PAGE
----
From what other folks that I ride with have told me, yes it has.
Priscilla, Khoa, and even our very own Speedy Gonzales, Jeremy recently told me that I’m faster on my single speed. Moe, with his new 29er single speed has seen the same benefit as I have.
Here’s why I think I’m faster. First of all, I’m running a 32t in the front and an 18t in the back. This has been the right gearing for me. I had a 17t before and that was too hard to climb, a 20t was too spinnie for me. But what happens is, when I’m on the flats, I HAVE to spin at a higher cadence because of my gearing. Then when I’m about to climb, I have to gain enough momentum in order to make it up to the top.
Another factor that I’m finding is, I HAVE to keep spinning to maintain my momentum. It’s harder to start from a dead stop on a single speed than a multi geared bike. On a 9spd cassette, you can simply shift to the biggest cog and drop to your granny gear. But on a SS…what you have is what you get to work with.
Prime example, on a hill at this morning’s ride, I was spinning at a really high cadence. I had to make sure I kept that speed just so I could sail up the hill. But since I drank beer last night…my legs eventually gave out. I had to stop to rest. When I started again, it was hard to get going at first. So I spun fast enough to get the right speed and cadence to help me get to the top. But I gassed out at the last part of the climb…and I walked. But you get what I’m talking about right?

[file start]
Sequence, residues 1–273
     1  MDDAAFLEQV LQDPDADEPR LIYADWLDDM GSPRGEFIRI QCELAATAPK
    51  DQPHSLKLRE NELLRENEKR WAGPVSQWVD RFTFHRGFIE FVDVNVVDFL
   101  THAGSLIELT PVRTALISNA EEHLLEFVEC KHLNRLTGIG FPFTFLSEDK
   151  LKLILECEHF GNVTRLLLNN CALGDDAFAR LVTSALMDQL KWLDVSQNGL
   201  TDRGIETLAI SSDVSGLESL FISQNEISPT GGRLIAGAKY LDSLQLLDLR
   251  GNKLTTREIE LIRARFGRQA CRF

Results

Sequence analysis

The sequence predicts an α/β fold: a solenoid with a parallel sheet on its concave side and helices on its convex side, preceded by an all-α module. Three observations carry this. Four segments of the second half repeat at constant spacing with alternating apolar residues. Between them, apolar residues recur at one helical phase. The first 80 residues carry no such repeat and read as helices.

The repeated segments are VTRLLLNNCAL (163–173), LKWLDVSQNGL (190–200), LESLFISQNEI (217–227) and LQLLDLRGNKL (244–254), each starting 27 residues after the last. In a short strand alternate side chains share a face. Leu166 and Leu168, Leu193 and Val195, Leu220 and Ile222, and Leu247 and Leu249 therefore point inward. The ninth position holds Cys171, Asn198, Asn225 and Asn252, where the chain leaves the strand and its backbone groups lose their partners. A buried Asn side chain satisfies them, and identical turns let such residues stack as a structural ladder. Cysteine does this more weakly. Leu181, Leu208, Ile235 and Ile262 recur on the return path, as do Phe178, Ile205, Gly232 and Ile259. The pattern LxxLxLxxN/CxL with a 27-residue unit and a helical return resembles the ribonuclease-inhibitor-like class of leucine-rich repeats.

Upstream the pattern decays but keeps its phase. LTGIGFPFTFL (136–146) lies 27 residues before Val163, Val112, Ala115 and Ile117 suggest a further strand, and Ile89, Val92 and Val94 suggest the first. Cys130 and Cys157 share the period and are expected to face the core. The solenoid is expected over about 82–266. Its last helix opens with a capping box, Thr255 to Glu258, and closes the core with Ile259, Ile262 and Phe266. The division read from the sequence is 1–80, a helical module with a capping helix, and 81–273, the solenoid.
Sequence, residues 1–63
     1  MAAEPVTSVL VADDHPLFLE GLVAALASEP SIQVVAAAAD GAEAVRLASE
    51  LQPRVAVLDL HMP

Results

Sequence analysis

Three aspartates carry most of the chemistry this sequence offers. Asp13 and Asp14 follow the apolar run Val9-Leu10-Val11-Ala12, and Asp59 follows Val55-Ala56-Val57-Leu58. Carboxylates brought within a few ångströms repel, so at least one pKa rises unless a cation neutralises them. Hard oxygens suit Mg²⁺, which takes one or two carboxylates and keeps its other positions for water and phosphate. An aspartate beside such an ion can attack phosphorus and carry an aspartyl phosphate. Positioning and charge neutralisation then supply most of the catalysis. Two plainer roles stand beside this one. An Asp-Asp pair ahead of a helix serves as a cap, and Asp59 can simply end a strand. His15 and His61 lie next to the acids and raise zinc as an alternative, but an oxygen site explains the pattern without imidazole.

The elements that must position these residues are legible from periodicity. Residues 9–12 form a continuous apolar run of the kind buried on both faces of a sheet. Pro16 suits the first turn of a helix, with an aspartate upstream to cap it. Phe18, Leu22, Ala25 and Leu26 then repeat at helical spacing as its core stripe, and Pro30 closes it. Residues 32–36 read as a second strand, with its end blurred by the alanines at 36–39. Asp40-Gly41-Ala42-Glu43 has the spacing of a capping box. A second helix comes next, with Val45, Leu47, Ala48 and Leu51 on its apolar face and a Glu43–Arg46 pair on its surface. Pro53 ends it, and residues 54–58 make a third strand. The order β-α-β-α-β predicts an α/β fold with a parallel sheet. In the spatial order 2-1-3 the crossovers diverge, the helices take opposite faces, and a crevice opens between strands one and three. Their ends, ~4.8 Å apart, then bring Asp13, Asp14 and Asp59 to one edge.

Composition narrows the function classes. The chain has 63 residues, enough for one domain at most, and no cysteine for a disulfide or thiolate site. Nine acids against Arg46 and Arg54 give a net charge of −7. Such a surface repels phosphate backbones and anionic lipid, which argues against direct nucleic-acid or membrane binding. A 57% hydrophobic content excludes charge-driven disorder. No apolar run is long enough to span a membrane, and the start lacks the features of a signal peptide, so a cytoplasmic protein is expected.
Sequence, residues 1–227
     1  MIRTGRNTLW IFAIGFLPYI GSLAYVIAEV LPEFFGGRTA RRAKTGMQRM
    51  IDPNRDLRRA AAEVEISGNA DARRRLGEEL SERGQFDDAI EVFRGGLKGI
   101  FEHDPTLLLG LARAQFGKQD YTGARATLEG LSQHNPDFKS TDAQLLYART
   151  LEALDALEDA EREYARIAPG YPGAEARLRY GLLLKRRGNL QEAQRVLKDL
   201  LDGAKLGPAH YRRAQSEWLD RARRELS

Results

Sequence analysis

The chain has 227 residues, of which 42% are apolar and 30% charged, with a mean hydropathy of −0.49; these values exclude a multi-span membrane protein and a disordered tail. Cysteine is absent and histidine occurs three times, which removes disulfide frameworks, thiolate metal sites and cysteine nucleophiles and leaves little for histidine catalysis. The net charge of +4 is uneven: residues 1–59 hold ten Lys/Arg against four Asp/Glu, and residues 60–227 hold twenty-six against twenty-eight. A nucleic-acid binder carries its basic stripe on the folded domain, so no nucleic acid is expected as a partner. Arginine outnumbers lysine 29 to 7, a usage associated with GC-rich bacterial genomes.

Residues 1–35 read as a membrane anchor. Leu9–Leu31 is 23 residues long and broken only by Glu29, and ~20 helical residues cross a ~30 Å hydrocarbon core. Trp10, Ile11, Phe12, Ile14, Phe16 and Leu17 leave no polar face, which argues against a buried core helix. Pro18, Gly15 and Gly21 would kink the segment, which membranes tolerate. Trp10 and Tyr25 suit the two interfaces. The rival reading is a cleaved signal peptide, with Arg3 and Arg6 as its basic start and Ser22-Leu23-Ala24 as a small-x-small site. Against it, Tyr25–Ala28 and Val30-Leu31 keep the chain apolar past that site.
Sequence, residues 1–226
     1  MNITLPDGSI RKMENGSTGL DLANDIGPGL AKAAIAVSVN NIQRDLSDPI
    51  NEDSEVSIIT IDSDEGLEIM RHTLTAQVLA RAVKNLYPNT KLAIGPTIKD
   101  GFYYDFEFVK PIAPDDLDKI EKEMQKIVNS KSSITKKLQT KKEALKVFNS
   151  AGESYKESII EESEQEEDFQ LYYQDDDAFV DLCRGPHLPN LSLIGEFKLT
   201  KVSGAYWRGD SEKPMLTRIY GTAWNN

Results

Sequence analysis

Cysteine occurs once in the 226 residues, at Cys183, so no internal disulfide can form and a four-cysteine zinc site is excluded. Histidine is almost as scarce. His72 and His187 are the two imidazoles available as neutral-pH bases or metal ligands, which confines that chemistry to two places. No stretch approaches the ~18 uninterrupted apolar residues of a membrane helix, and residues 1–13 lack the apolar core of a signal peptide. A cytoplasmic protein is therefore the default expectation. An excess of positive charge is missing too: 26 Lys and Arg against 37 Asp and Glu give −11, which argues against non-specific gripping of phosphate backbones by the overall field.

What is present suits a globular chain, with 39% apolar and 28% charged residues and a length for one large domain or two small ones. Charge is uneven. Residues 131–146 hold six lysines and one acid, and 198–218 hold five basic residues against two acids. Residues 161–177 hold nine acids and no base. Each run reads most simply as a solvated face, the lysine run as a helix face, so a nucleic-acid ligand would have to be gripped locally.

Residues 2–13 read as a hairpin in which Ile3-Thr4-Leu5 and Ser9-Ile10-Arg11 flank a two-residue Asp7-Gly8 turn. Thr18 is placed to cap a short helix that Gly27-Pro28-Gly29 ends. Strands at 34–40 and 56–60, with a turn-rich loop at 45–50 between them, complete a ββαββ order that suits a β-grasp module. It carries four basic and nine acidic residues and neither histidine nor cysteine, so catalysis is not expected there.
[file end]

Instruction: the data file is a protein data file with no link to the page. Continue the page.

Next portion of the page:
If you want to try to see how riding a single speed is. Then keep your chain on the middle gear in the front and about the 3rd or 4th gear from the bottom on the back. If you’re a 29er, then try to keep at a 20t in the back. You need a lower gear to get those big wheels moving. You’ll be tempted to shift because you think you’re going slower, but what ever you do, don’t! Spin with it and see how it feels. You’ll be surprised on how great of a work out you’ll get!